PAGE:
In 1981, Egyptian President Anwar Sadat was assassinated, and a state of emergency was imposed. It was finally lifted in June 2012, after President-turned-Dictator Hosni Mubarak was finally overthrown. In 1933, Adolf Hitler and the Nazi party seized on the Reichstag Fire (or perhaps staged it themselves), requested emergency powers, then used them to do things like ban political parties. By 1934, Hitler had become the Fuhrer.
Which brings me to Donald Trump and his new obsession with emergency powers—which essentially remove constraints on the presidency—with the idea being that the executive branch should have maximum flexibility in a crisis.
The constitution does not explicitly give the president emergency powers, but legal scholars believe that it is implied. The U.S. Supreme Court upheld Franklin Delano Roosevelt’s emergency power declaration in Korematsu v. United States, asserting that he did have the legal right to declare an emergency and throw over 100,000 Japanese-Americans in concentration camps during World War II. The Supreme Court has also ruled against presidential emergency powers, like when Harry Truman tried to nationalize steel mills in 1952 after a labor strike, asserting that he could not fight the Korean War without those resources. The law is far from settled on this topic, and the proof is in instances like when Abraham Lincoln ignored a Federal District Court ruling striking down his emergency powers after he suspended habeas corpus.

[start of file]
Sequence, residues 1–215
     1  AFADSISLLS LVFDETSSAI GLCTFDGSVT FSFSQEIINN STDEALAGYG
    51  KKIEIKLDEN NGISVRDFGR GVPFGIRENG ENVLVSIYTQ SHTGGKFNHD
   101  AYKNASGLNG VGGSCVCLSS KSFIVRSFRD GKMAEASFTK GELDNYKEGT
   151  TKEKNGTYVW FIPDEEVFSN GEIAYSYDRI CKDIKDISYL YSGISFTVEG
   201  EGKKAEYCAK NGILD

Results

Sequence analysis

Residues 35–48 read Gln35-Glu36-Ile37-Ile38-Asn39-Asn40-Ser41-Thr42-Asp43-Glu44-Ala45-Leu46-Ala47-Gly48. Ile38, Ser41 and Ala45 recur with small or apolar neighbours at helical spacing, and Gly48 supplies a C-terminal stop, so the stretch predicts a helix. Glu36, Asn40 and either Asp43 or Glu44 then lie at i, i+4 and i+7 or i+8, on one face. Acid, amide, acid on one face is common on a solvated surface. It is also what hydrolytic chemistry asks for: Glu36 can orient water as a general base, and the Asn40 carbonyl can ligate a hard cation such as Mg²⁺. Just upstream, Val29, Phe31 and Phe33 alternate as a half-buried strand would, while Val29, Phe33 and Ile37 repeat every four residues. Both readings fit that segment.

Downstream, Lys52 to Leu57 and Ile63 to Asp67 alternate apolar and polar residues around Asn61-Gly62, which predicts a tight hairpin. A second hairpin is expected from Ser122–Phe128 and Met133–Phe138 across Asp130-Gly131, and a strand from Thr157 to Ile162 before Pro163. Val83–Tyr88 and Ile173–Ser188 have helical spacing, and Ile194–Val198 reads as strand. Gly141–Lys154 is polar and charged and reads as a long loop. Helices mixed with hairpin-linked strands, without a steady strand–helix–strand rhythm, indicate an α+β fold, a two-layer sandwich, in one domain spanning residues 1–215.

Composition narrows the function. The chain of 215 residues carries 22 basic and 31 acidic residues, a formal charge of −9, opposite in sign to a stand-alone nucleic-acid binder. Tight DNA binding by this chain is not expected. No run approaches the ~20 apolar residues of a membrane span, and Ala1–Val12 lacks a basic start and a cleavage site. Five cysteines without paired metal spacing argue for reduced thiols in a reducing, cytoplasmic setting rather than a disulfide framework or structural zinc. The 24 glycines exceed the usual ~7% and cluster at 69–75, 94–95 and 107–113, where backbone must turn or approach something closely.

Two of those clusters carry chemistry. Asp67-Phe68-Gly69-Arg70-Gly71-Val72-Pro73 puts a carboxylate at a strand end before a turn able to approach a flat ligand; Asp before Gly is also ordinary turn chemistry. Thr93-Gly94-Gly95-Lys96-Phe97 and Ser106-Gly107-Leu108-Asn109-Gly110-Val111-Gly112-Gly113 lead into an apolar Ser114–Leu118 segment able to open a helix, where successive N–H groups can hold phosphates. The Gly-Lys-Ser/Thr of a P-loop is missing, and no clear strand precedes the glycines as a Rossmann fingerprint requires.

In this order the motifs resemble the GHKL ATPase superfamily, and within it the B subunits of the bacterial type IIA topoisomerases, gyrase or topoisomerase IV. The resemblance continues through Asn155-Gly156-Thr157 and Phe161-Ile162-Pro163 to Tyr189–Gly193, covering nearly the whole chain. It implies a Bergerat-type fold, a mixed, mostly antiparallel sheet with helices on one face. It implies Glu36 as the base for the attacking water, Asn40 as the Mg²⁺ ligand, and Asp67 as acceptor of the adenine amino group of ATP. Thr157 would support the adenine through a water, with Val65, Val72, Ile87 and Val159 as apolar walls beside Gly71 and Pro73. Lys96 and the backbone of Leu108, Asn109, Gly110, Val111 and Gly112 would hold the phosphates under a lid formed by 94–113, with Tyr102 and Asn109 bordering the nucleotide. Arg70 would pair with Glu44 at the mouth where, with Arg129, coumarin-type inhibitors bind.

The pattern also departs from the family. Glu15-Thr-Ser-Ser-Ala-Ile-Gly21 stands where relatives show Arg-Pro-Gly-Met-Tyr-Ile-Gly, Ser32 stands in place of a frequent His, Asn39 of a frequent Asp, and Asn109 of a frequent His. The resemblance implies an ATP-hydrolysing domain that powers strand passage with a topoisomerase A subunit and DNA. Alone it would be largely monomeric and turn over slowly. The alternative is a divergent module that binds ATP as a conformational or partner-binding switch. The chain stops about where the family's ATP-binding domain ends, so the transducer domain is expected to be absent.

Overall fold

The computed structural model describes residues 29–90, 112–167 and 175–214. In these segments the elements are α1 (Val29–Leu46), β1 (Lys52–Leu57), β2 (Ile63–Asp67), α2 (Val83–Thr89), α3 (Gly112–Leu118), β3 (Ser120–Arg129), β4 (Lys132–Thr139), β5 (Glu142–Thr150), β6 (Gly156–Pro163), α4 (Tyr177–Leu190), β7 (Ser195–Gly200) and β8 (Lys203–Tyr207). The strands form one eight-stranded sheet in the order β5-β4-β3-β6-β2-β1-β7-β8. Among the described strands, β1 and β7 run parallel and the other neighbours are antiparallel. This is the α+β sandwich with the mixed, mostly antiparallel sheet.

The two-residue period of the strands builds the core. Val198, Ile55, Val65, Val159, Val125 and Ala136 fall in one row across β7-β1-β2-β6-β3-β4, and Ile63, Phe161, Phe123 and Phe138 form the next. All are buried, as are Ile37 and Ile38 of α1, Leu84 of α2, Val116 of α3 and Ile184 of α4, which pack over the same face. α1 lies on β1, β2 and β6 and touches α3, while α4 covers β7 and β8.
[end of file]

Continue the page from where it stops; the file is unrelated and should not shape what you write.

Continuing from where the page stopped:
This article in The Atlantic does a good job providing some specifics on what powers Trump can actually give himself:
The moment the president declares a “national emergency”—a decision that is entirely within his discretion—more than 100 special provisions become available to him. While many of these tee up reasonable responses to genuine emergencies, some appear dangerously suited to a leader bent on amassing or retaining power. For instance, the president can, with the flick of his pen, activate laws allowing him to shut down many kinds of electronic communications inside the United States or freeze Americans’ bank accounts. Other powers are available even without a declaration of emergency, including laws that allow the president to deploy troops inside the country to subdue domestic unrest.
This is all about the wall, which is under the legislature’s purview. Congress controls the purse strings for government, which means that typically they would need to appropriate money for Trump’s border wall. However, there are a couple laws on the books that may allow Trump to circumvent congress if he were to declare emergency powers.
33 U.S. Code § 2293 enables the secretary of the Army to stop Army civil works projects, and direct their energy towards building “authorized civil works, military construction and civil defense projects that are essential to the national defense.” 10 U.S. Code § 2808 gives the Secretary of Defense the power to begin military construction projects that are “not otherwise authorized by law that are necessary to support such use of the armed forces.”